Taylor Swift recently made the news when she encouraged her 112 million followers on Instagram to get to the polls. As a result, Vote.org, reported a spike in voter registration -- to the tune of 65,000 registrations in a single 24-hour period.

The "Taylor Swift Effect" may have activated a large group of people to register, but how these would-be voters are actually getting to the polls is another story.

More than forty-six percent of eligible voters did not vote in the 2016 election, according to the United States Election Project because work or school schedules did not allow them to. Other reasons they cited included missed registration deadlines, illness, and lack of transportation, among other things.

Many of Us are Directly Affected by Elections, But Cannot Cast a Vote

I should explain who I am. As the founder and CEO of littleBits, an education tech company based in New York City, our mission is to empower kids to be creators and inventors so that they can grow up to be tomorrow's changemakers. I consider myself a changemaker and an activist, but today I have a problem: I don't have a vote.

I have lived in the U.S. for 12 years--the majority of my adult life--but I am not a citizen. I am personally affected by so many of the policies being decided on every day (as a woman, a Middle Easterner, an entrepreneur, and a manufacturer), but I am completely powerless to change them. 

There is a platform through which I do have a voice: my company. I sent out an email to our team reminding them that we are nothing without our mission, and our mission is nothing without our willingness to back it. Here's an excerpt:

In our culture we stand behind our mission. The first way changemakers make change is by voting. November 6 is a very important day, for those of you that are eligible, you get a paid day off to go vote.

As a woman and an Arab I can tell you two things:

1. The right to vote should not be taken for granted.

2. Democracy should not be taken for granted.

Suddenly, I felt more useful, and so I am compelled to invite you to do the same.  

Trying to Change the World? Start with Giving Employees a Vote

While we can't account for flu season or other intangibles, tech companies can certainly take a proactive role in helping Americans participate in the democratic process:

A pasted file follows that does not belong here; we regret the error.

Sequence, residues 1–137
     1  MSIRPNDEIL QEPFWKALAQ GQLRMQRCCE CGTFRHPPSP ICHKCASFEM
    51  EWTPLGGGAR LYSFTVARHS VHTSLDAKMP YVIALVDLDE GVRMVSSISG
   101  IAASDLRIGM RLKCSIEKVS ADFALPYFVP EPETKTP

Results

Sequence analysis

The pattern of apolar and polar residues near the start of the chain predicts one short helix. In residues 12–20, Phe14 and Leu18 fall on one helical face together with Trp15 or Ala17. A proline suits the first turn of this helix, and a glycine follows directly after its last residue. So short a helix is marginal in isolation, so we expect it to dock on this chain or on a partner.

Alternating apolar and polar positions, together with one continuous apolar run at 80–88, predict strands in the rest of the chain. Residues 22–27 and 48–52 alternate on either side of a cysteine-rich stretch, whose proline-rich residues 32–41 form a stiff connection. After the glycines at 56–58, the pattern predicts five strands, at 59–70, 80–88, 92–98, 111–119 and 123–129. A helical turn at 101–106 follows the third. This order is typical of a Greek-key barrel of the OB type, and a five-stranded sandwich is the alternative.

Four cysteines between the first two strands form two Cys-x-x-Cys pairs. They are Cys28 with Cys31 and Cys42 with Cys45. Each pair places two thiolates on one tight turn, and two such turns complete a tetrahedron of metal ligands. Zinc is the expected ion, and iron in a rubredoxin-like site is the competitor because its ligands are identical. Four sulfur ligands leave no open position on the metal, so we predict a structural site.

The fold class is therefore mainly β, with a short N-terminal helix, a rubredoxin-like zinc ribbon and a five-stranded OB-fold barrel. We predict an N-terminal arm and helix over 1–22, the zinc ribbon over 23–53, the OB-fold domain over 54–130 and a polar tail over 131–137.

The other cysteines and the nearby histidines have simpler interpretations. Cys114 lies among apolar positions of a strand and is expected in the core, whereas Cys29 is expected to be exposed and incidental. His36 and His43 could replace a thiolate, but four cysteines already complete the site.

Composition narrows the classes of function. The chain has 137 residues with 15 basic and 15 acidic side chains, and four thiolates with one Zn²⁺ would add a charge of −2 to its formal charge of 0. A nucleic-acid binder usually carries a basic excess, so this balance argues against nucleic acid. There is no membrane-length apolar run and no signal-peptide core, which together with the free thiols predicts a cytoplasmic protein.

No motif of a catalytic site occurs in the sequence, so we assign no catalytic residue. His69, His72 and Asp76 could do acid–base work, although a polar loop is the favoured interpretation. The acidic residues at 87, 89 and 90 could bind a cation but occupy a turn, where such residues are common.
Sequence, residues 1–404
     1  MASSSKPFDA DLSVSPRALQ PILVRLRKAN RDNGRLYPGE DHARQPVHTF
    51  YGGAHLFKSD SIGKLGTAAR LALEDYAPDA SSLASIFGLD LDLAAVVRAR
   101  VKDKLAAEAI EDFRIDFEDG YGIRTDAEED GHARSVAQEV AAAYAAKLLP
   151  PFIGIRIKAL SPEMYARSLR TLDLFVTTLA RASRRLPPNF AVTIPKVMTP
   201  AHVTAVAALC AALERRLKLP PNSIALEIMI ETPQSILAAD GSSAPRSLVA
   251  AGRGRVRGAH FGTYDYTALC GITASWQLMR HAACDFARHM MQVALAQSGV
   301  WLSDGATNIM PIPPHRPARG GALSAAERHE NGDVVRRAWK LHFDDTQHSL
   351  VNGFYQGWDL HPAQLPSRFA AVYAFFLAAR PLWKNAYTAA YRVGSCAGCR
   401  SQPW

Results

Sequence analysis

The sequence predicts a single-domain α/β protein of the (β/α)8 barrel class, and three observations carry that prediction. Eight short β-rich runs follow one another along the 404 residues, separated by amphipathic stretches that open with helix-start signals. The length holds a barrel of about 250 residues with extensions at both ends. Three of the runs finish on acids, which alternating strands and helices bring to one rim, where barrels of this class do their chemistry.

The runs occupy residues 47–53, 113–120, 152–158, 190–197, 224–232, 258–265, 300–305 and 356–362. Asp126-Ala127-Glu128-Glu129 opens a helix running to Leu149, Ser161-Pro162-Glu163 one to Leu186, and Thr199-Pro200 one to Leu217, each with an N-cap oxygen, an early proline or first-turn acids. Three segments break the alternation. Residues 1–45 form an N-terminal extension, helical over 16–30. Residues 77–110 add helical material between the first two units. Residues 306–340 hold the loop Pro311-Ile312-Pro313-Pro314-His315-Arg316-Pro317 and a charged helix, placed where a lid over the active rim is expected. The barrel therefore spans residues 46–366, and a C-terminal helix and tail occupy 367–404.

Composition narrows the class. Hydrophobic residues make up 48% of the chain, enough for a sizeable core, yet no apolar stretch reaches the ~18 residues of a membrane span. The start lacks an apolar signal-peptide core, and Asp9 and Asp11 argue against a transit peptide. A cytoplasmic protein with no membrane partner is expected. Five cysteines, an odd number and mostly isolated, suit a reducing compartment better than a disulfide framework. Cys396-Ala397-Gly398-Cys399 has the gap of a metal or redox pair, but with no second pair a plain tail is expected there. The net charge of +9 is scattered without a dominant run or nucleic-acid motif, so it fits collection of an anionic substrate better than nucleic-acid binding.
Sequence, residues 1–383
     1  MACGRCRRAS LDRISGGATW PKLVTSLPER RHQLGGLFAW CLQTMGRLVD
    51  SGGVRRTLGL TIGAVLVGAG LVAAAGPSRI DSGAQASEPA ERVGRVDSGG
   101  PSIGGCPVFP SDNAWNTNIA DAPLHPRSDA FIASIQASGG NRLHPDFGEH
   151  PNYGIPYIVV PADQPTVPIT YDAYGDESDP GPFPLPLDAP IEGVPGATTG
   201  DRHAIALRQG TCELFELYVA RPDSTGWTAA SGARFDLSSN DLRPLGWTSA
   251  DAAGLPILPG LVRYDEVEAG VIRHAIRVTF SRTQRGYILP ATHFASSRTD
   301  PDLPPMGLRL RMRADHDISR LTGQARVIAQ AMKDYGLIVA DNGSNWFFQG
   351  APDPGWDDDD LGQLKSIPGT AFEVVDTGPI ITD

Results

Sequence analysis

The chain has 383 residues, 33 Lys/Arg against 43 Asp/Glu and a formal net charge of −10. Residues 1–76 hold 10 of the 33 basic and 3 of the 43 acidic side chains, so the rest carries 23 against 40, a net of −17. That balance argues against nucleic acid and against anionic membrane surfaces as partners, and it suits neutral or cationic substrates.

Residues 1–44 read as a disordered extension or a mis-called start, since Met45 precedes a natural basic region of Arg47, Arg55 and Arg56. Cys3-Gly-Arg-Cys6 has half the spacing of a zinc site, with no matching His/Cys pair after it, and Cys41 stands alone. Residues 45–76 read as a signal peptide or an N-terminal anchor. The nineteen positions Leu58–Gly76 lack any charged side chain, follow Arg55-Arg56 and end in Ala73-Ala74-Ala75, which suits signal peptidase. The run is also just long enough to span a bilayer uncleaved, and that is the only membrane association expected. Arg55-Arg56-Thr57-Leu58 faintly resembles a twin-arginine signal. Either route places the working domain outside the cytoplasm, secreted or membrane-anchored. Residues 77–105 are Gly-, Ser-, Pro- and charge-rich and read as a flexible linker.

• Uber and Lyft announced partnerships with non-profit organizations that will provide riders with significant discounts on rides to their local polling stations -- they are giving people transportation to get to the polls.

  • As far back as 2016, tech companies like Homebrew committed to giving employees time off to vote on Election Day. More than 100 tech companies followed suit -- they are giving employees the flexibility to vote.

  • Patagonia, a company known for its commitment to employees, announced back in June that it would close stores and offices on Nov. 6 to provide a paid day-off for employees to vote -- they are giving employees time to participate in the democratic process, however they see fit.

In general, startups offer a lot of perks to keep their employees happy. Unlimited vacation, snacks, dog-friendly offices, haircut Tuesdays, laundry Fridays. But all of those perks mean nothing if we don't give our employees an opportunity to express themselves and to be heard as part of the democratic process.

There is nothing worse than not having a voice.

It's something for all tech CEOs to consider. If you're not in a position to totally cease operations on Election Day, think about giving employees paid time off to vote. Or about offering a flex day. Or even make Tuesday, November 6 a "no meetings" day. There are so many ways that tech companies can show their commitment to the voting process -- and in many cases, they are relatively easy to implement.

And while littleBits can only directly impact our own 100+ person team, we hope that by spreading the word and giving other tech CEOs some actionable ways to give their employees a vote, we can inspire action across the country. They are seemingly small efforts but from those of us who don't have a vote, I assure you they add up to something big.